Sunday, April 27, 2008

Divorce equals firing

This is one of the most screwed up things I've read in a long time. Well, perhaps not, given how many screwed up things that I come across all the time, but it is twisted.

Divorce: Grounds for Dismissal

Kent Gramm, a full professor of English at Wheaton College, in Illinois, is amidst two painful separations.

He and his wife are divorcing. And, because he’s choosing not to discuss the terms of that first separation with his employers — to determine whether the divorce falls within what the college considers to be appropriate Scriptural parameters — he’s resigning from Wheaton in what he calls “a mutually agreed-upon separation. And the alternative of it would be to be fired.”

“This is sort of an additional and very significant separation. I’ve been there for 20 years. I’m very attached to the students,” Gramm says.

“There’s a considerable amount of grief, but I was aware that this would be the consequence, and I’ve been aware of this for a long time. So, in another sense, I’ve prepared myself ahead of time for this.

It's quite bad that when someone goes through a hard period of their life, they have to worry about the work as well.

Wheaton does allow their employees to get divorced, but only under certain circumstances

If an employee or applicant’s divorce falls outside the acceptable parameters for divorce listed in the policy – desertion or adultery on the part of the partner – a divorce is grounds for firing, Jones confirms (or, not hiring). When asked what would happen if an employee were in an abusive relationship, Jones answered that while it’s tricky to speak of hypothetical scenarios, the college would not want to force such a relationship’s continuation. “Desertion can take different forms, as also can adultery. We try to extend all reasonable compassion to the plight that all individuals face.”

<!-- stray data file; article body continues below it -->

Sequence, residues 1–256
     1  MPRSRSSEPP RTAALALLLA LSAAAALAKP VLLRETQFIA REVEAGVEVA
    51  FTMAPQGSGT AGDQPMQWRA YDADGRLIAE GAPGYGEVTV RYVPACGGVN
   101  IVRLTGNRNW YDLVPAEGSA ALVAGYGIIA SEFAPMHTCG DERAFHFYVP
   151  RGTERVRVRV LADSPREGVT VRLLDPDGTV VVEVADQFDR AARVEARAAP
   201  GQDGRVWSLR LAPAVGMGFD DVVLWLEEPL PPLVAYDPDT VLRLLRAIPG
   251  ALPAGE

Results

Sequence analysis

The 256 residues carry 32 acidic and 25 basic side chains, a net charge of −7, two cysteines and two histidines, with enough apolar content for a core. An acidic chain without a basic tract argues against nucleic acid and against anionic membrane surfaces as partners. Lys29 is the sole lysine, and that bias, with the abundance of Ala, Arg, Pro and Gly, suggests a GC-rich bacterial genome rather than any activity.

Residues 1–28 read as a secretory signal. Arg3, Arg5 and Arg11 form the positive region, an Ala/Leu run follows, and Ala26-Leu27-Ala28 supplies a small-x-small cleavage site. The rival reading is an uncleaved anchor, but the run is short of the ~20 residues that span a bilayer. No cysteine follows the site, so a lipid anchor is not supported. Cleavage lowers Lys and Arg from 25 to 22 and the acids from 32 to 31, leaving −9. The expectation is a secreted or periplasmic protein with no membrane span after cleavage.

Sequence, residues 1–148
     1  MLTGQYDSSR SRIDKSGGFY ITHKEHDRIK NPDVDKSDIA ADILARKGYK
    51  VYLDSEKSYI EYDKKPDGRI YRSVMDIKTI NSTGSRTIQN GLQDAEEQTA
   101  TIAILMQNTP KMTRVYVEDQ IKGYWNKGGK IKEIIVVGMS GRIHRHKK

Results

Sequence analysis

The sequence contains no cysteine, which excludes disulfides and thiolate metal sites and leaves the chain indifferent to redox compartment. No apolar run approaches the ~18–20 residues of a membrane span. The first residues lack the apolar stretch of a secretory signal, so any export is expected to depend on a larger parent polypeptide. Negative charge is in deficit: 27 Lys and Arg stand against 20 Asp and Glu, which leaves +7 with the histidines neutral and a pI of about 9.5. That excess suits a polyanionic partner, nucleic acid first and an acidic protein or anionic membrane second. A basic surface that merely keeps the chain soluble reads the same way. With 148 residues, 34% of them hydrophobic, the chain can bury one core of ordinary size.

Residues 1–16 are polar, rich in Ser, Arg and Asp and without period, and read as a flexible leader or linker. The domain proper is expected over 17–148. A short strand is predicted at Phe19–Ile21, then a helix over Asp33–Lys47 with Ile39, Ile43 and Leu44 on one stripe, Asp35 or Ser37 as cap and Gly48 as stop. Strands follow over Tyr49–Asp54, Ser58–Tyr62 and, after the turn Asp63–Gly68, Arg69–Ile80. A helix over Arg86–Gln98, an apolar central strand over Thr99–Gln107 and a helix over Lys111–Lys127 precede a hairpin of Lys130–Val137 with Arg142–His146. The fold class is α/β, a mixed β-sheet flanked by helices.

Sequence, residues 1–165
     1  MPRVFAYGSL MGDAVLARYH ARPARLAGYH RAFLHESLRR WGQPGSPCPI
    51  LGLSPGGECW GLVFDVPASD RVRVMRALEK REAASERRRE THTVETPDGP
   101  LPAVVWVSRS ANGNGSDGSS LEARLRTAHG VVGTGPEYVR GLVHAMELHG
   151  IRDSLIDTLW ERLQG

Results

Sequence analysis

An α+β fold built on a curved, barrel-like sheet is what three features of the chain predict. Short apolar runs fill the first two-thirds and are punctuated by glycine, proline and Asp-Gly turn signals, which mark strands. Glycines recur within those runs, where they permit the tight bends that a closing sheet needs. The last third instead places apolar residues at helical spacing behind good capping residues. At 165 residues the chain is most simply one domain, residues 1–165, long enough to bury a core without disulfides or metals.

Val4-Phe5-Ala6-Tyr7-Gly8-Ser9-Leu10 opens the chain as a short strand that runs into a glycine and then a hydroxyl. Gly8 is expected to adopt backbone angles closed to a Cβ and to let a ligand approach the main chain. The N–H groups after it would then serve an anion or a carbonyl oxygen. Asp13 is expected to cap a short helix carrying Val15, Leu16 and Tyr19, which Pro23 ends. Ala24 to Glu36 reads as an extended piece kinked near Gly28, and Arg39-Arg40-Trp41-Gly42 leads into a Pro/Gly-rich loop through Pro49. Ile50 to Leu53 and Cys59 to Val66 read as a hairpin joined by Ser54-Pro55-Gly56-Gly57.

So, in other words, there is no explicit allowance for getting out of abusive relationships, but instead you're dependent on the goodwill of the people making the call. And we all know how supportive many people are of victims of abuse - think of all those nice churches that shun wives who ask for a divorce of such grounds.

I can simply not understand how it can be legal to bring in peoples' private lives as a parameter for employment. There are certain types of jobs where some aspect might be relevant (the obvious one that is always mentioned is pedophiles in jobs involving children), but under no circumstances can a divorce be relevant.

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